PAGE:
To view the mesh security statistics for a specific mesh access point, follow these steps.


Step 1 In Cisco WCS, choose Monitor > Access Points. A listing of access points appears (see Figure 6-20).


Note You can also use the New Search button to display the access point summary. With the New Search option, you can further define the criteria of the access points that display. Search criteria include AP Name, IP address, MAC address, Controller IP or Name, Radio type, and Outdoor area.


Step 2 Click on the AP Name link of the target mesh access point.

A tabbed panel appears and displays the General Properties page for the selected access point.

Step 3 Click on the Mesh Statistics tab (see Figure 6-20).

Mesh Statistics are listed on the left side of the page that appears.


Note The Mesh Statistics tab only appears for mesh access points.


Figure 6-20 Monitor > Access Points > AP Name > Mesh Statistics

Viewing the Mesh Network Hierarchy

You can view the parent-child relationship of mesh access points within a mesh network in an easily navigable display. You can also filter which access points display on the Map view, by selecting only access points of interest.

To view the mesh network hierarchy for a selected network, do the following:


Step 1 In Cisco WCS, choose Monitor > Maps.

Step 2 Select the map you want to display.

Step 3 Click the Layers arrow to expand that menu (see Figure 6-21).

Figure 6-21 Monitor > Maps > Selected Map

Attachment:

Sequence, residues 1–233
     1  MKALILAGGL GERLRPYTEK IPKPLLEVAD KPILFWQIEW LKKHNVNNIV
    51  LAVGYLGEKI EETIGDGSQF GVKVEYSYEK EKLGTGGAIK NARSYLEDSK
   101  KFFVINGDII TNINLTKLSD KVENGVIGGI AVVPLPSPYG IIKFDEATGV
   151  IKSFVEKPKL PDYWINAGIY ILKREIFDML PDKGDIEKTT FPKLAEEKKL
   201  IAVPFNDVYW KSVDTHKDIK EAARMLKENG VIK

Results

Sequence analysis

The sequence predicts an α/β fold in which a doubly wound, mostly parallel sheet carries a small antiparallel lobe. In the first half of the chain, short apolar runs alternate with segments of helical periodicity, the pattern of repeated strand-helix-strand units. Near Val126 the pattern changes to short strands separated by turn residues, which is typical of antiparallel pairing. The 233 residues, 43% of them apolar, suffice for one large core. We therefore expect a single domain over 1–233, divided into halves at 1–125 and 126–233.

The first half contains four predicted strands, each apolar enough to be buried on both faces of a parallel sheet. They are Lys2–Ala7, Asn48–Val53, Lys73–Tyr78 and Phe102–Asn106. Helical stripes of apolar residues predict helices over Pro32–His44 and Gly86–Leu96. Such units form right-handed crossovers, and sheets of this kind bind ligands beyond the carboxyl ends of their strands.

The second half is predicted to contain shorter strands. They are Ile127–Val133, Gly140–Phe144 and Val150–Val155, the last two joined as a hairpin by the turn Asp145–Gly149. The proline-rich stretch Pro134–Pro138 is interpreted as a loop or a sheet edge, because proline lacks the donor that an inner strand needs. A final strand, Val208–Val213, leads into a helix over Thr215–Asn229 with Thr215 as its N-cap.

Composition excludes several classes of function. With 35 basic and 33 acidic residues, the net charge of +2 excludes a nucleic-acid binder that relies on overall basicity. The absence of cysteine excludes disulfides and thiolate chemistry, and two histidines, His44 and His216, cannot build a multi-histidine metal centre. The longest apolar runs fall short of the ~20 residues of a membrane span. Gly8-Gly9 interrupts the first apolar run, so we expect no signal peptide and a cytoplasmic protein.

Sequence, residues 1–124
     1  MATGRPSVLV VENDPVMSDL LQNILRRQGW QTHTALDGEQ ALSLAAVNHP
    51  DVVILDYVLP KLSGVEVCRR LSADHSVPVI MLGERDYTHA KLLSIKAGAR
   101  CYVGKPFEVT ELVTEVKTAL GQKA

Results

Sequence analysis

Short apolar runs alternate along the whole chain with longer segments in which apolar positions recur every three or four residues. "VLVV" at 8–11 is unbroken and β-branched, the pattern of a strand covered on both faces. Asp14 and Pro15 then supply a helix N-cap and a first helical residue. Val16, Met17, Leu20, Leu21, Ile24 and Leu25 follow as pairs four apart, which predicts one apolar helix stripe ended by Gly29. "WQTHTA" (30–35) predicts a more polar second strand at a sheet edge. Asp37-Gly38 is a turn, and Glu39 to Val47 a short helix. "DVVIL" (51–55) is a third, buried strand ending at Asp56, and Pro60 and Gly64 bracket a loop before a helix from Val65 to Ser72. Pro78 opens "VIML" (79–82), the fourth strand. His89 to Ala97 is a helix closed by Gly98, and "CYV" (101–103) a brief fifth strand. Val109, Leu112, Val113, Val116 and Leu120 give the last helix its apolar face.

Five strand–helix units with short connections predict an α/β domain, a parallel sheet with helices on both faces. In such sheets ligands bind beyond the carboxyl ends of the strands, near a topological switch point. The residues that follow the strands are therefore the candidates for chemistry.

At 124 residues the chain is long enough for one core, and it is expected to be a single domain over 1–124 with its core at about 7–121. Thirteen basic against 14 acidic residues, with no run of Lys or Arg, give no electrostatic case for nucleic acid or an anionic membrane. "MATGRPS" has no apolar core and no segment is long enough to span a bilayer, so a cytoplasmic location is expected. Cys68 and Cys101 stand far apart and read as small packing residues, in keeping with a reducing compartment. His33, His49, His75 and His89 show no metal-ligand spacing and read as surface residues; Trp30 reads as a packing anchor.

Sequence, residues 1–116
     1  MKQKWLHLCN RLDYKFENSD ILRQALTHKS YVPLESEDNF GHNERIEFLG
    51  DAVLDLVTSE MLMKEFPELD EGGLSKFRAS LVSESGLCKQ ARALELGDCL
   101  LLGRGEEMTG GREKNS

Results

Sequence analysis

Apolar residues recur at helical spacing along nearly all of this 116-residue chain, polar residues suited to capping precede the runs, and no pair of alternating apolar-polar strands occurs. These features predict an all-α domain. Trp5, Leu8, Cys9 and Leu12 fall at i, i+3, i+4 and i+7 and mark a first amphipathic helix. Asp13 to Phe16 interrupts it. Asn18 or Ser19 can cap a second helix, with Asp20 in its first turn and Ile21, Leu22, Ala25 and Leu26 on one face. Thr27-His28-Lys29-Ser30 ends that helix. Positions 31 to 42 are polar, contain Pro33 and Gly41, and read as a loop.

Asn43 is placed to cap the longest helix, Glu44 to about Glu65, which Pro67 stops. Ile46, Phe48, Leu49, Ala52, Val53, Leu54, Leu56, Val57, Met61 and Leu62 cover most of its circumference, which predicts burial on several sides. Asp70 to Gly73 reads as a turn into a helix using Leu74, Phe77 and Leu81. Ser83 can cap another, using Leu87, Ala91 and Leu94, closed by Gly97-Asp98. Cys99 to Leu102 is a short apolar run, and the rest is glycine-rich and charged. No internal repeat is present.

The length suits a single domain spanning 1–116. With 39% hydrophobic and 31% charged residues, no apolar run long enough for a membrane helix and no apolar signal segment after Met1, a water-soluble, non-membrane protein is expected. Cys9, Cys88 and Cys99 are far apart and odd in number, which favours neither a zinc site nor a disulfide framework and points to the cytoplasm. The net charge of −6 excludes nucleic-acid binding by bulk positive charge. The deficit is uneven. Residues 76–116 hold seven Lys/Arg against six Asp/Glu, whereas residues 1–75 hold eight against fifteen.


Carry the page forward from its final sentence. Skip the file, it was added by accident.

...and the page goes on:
Step 4 Check the AP Mesh Info check box if it is not already checked.


Note The AP Mesh Info check box is only selectable if mesh access points are present on the map. It must be checked to view the mesh hierarchy.


Step 5 Click the AP Mesh Info arrow to display the mesh parent-child hierarchy.

Step 6 Click the plus (+) sign next to a mesh access point to display its children.

All subordinate mesh access points are displayed when a negative (-) sign displays next to the parent mesh access point entry. For example, in Figure 6-21, the access point, indoor-mesh-44-map1, has only one child, indoor-mesh-44-map2.

Step 7 Move the cursor over the colored dot next to each mesh access point to view its signal-to-noise ratio (SNR).

A window displays with the exact SNR for that mesh access point (see Figure 6-22).

The color of the dot also provides a quick reference point of the SNR strength.

A green dot represents a high SNR (above 25 dB).

An amber dot represents an acceptable SNR (20-25 dB).

A red dot represents a low SNR (below 20 dB).

A black dot indicates a root access point.

Figure 6-22 Mesh Access Point SNR


Using Filtering to Modify Map Display